Bob Mattila’s letters of Nov. 11 (“God blessed Israel”) and Nov. 24 (“Becoming ungodly causes problems”) quote the Bible, and indicate a transactional morality. If the Bible is read as a political document in the context of when it was written, its moral poverty is often striking.
In antiquity few people were literate. Clergy and scribes thus had inordinate political power, and throughout the Bible we find numerous instances of self-dealing by these classes, even justifying genocide. This extends to the present day, with the idea one will “get something from God” if one does X, Y and Z. To be fair, the Bible contains a version of the Golden Rule, which is something I rarely see mentioned by fundamentalists.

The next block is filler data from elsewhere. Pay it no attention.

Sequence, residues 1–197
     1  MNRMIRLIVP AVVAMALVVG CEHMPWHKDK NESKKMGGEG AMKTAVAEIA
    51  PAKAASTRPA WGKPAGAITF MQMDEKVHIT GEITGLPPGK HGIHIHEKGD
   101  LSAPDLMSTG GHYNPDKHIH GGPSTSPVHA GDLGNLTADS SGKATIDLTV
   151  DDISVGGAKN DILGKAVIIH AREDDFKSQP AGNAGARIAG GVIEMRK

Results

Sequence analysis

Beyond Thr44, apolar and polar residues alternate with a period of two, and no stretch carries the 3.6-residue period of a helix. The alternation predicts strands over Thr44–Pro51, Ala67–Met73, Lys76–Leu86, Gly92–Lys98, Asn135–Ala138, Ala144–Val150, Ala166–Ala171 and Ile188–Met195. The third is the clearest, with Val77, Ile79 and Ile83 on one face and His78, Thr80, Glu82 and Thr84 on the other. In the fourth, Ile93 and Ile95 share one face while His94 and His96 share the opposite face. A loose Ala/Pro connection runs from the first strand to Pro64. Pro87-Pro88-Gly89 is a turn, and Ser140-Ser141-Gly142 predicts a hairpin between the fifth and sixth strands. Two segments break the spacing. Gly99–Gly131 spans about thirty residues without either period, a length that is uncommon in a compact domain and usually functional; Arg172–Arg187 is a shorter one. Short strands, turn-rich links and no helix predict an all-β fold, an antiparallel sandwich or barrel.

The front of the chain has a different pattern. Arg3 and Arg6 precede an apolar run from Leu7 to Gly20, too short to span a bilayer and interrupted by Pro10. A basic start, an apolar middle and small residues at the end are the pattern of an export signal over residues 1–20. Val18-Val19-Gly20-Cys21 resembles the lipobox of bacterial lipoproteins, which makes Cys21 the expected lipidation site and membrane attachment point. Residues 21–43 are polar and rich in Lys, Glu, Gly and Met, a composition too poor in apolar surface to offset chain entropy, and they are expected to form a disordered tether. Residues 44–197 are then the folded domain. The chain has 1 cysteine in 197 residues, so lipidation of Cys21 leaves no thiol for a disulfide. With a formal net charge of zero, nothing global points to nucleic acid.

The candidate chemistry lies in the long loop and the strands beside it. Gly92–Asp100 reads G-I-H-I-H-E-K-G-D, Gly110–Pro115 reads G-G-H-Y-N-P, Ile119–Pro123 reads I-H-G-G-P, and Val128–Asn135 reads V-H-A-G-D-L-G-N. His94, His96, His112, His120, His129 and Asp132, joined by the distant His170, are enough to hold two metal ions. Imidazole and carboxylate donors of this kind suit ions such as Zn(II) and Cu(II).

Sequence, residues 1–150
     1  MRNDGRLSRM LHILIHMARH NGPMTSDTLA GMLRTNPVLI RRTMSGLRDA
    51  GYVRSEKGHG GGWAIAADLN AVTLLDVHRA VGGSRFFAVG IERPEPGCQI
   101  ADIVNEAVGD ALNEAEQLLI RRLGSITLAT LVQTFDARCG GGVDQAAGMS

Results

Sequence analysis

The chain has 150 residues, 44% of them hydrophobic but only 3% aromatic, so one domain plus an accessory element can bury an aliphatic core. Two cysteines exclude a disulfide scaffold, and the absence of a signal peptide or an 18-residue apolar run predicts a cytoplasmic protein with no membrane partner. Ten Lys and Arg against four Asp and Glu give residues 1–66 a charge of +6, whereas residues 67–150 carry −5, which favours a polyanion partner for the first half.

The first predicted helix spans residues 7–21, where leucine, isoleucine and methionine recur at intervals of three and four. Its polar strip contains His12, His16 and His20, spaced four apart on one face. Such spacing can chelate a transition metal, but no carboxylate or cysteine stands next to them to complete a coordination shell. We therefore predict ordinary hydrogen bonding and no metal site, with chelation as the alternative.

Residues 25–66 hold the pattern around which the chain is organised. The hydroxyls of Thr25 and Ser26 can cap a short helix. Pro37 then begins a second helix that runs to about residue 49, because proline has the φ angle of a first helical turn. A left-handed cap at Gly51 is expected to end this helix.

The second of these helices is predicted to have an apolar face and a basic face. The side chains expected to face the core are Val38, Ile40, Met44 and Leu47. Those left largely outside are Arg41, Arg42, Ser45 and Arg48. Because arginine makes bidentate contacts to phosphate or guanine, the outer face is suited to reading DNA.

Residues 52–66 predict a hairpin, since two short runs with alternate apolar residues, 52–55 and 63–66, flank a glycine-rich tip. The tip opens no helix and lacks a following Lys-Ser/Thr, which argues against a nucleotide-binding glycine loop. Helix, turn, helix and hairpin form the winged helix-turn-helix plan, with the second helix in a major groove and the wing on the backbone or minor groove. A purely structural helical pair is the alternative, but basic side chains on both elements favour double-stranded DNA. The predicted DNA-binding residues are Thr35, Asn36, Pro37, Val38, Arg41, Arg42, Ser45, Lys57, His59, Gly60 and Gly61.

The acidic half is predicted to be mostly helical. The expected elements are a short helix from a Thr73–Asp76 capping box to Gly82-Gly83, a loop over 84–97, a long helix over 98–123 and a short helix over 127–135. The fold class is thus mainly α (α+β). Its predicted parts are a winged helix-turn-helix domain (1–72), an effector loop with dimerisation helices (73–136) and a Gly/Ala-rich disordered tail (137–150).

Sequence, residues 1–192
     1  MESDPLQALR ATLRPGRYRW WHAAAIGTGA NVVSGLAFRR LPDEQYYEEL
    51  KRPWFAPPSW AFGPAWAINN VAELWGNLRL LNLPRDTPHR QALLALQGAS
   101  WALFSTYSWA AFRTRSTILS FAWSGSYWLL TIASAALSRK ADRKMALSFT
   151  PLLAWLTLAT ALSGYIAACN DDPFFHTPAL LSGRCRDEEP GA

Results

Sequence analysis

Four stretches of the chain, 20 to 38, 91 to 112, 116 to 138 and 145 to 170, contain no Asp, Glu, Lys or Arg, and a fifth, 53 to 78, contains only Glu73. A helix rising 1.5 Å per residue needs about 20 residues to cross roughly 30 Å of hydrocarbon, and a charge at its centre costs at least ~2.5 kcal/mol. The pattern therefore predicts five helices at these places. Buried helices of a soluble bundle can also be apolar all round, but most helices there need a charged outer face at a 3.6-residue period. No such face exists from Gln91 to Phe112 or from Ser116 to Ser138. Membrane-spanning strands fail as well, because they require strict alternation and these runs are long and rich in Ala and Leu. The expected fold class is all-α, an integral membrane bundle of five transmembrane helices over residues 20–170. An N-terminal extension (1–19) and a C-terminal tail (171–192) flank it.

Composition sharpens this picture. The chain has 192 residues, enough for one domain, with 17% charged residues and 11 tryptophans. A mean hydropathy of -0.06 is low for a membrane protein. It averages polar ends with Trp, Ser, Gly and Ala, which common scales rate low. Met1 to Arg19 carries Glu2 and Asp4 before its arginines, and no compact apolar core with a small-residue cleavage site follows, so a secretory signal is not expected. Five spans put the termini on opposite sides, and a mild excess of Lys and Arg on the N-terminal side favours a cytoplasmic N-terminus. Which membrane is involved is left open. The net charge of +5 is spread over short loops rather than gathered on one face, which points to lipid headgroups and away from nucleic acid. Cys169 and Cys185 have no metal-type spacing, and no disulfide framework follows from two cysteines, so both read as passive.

The Golden Rule can be thought of not arising from a particular religious adherence, but from reality: No matter what, we will suffer; we will die. No matter what, nobody is really any different fundamentally than a thief or a murderer, as we are all human. No matter what, everyone is due compassion, mercy and dignity because all wish to be treated that way. And there is no reason to expect anything in return for whatever good one does.